Referring to Barletta's efforts to crackdown on illegal immigration in Hazleton, Anzur added, "This was a global story. As the mayor of a small city, Lou didn't have the resources or staff to screen everyone who asked him questions. On the first day the story broke, Lou did 27 interviews, from World News Tonight to Tucker Carlson. Lou had one assistant, not a team of consultants. He did interviews, not background checks. It would have been impossible to screen every group or reporter who asked him questions."
Azur also pointed to a 2007 episode when a New Jersey Ku Klux Klan organization wanted to demonstrate in Hazleton in support of Barletta's illegal immigration ordinance and Barletta said they weren't welcome in the city, prompting a threat from the group to sue. The spokesman further noted Barletta's renouncement of former Ku Klux Klan leader David Duke in 2008 after Duke endorsed Barletta during his failed congressional bid that year.
A KFile review turned up an October 2006 interview Barletta did with American Free Press, a publication that regularly promotes conspiracy theories including that the Sept. 11, 2001 attacks were a "Jewish plot" and the Holocaust was a hoax. In the interview, Barletta touted his efforts to crackdown on illegal immigration in Hazleton and discussed an ordinance that made English the official language of Hazleton, telling the publication he was just trying to protect the English language.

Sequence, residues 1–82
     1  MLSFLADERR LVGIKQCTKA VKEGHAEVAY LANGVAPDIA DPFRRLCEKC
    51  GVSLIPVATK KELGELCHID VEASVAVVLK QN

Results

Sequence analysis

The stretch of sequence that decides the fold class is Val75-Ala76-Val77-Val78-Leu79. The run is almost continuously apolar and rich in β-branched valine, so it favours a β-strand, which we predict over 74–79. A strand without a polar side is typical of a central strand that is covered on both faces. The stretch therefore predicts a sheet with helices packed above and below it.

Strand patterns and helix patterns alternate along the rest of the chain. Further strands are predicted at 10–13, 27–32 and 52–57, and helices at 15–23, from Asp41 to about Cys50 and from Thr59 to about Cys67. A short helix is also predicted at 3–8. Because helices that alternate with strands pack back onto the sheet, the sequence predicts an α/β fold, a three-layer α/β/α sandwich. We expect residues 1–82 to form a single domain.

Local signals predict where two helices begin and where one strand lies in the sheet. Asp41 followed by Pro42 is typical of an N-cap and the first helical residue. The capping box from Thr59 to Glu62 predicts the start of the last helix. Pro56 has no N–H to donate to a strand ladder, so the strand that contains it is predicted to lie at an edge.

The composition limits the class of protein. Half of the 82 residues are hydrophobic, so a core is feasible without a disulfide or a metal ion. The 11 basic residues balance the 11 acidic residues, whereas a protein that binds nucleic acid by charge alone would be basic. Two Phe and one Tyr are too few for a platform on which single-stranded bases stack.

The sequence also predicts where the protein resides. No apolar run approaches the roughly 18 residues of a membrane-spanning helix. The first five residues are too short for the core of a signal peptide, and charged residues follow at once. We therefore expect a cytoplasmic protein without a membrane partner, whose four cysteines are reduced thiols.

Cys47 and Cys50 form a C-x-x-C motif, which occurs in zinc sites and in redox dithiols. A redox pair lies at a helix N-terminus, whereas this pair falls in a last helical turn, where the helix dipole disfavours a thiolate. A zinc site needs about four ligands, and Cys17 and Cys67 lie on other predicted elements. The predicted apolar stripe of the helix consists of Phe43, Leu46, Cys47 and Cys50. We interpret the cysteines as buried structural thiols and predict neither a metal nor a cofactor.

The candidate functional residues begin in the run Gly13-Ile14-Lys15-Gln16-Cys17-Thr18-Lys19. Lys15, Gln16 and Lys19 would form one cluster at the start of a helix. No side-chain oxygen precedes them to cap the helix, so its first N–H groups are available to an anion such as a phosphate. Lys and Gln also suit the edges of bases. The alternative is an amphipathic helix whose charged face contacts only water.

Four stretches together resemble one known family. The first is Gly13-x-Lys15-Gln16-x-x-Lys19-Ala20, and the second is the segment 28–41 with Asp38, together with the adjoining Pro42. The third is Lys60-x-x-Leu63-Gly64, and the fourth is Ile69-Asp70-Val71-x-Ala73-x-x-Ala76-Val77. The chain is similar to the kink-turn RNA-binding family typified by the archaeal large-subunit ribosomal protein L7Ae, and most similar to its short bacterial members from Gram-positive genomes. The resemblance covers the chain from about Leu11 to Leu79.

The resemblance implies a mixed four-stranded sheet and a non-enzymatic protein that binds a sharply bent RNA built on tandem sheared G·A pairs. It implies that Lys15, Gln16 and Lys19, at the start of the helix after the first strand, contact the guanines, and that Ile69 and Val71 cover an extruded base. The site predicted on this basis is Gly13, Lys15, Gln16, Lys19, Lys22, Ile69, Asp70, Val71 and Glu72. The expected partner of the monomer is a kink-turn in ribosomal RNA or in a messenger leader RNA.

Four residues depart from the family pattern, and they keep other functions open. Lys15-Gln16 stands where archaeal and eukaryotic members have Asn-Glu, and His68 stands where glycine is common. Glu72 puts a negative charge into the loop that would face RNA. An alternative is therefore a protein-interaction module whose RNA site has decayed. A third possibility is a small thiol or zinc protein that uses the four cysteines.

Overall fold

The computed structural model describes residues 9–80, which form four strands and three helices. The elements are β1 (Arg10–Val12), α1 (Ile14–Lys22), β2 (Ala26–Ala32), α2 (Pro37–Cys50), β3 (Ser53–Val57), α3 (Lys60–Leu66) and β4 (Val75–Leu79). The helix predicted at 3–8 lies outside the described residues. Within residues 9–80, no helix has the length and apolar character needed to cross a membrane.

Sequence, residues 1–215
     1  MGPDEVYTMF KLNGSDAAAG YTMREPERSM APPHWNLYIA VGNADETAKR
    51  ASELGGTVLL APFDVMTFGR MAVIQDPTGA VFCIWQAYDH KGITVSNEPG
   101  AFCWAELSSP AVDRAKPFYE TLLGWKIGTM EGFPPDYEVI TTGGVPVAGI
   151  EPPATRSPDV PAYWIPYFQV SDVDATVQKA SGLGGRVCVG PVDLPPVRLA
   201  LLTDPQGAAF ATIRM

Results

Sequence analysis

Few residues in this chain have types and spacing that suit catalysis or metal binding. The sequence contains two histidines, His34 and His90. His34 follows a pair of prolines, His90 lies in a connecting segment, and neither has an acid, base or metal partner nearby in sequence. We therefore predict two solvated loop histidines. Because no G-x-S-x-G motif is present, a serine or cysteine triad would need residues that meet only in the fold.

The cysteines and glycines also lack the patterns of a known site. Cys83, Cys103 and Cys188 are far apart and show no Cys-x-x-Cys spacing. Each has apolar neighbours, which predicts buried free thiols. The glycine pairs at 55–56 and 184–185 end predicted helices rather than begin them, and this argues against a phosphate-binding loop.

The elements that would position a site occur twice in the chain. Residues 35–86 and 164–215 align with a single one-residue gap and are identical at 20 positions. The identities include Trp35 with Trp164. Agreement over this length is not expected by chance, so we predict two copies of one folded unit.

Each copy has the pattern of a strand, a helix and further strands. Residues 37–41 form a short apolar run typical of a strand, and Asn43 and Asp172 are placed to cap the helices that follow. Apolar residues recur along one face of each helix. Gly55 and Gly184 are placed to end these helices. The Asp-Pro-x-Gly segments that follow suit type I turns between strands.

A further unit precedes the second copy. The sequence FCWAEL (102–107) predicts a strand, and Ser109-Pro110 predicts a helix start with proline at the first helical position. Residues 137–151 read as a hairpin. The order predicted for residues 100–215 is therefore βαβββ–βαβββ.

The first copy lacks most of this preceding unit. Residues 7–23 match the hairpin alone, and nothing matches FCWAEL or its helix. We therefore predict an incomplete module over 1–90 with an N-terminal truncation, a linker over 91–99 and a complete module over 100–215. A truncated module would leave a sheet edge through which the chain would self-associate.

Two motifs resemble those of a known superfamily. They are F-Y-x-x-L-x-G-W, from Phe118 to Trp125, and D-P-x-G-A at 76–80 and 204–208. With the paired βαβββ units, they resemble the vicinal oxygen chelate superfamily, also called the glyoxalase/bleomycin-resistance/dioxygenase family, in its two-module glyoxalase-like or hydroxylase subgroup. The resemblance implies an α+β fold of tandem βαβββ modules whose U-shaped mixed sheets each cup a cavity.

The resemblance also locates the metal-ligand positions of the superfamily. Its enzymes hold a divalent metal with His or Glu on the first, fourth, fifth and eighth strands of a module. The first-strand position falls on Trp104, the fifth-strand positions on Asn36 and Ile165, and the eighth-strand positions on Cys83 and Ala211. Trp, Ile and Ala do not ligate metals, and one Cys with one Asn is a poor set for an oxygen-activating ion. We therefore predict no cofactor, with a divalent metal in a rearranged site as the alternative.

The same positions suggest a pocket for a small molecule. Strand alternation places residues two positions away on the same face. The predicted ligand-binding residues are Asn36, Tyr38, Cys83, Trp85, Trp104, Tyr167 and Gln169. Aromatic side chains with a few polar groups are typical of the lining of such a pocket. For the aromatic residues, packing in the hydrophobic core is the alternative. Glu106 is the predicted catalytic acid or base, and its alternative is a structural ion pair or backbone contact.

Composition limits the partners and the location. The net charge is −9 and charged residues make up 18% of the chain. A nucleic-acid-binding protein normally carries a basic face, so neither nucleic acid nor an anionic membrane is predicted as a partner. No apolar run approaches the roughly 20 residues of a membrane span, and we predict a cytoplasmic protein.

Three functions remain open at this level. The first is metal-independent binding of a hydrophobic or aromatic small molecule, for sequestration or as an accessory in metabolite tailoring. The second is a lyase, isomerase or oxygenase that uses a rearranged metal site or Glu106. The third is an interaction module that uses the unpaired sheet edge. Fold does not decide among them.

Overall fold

Barletta's interviewer, American Free Press' "roving editor" Mark Anderson, Anderson is a prominent Bilderberg conspiracy theorist who believes a secretive group of the world's most powerful leaders constitute a de facto one-world government that orchestrates world events. Recently, in 2015, he called into question Jewish author and political activist Elie Wiesel's survival of the Holocaust by putting the term "Holocaust survivor" in quotes while linking to a book arguing that the Holocaust was a hoax.
In June 2007, Barletta headlined a rally at Hazleton City Hall held in support of him and his immigration agenda and in opposition to efforts at the time by the Bush administration to pass comprehensive immigration legislation.
One of the speakers and musical performers at the rally was Paul Topete, lead singer of the "patriot rock" band Poker Face. The band's website, which is now defunct, hosted forums that pushed 9/11 conspiracy theories and Holocaust denial.
When the Anti-Defamation League labeled Topete as anti-Semitic and a Holocaust denier in 2010, the band released a lengthy statement refuting the charges, but said that "asking questions and seeking answers" about the Holocaust "should not be construed as hate, rather it should be a way of mandating historical accuracy." They also said in the statement that it was "not beyond the scope of reasonable doubt" that Israel was involved in 9/11.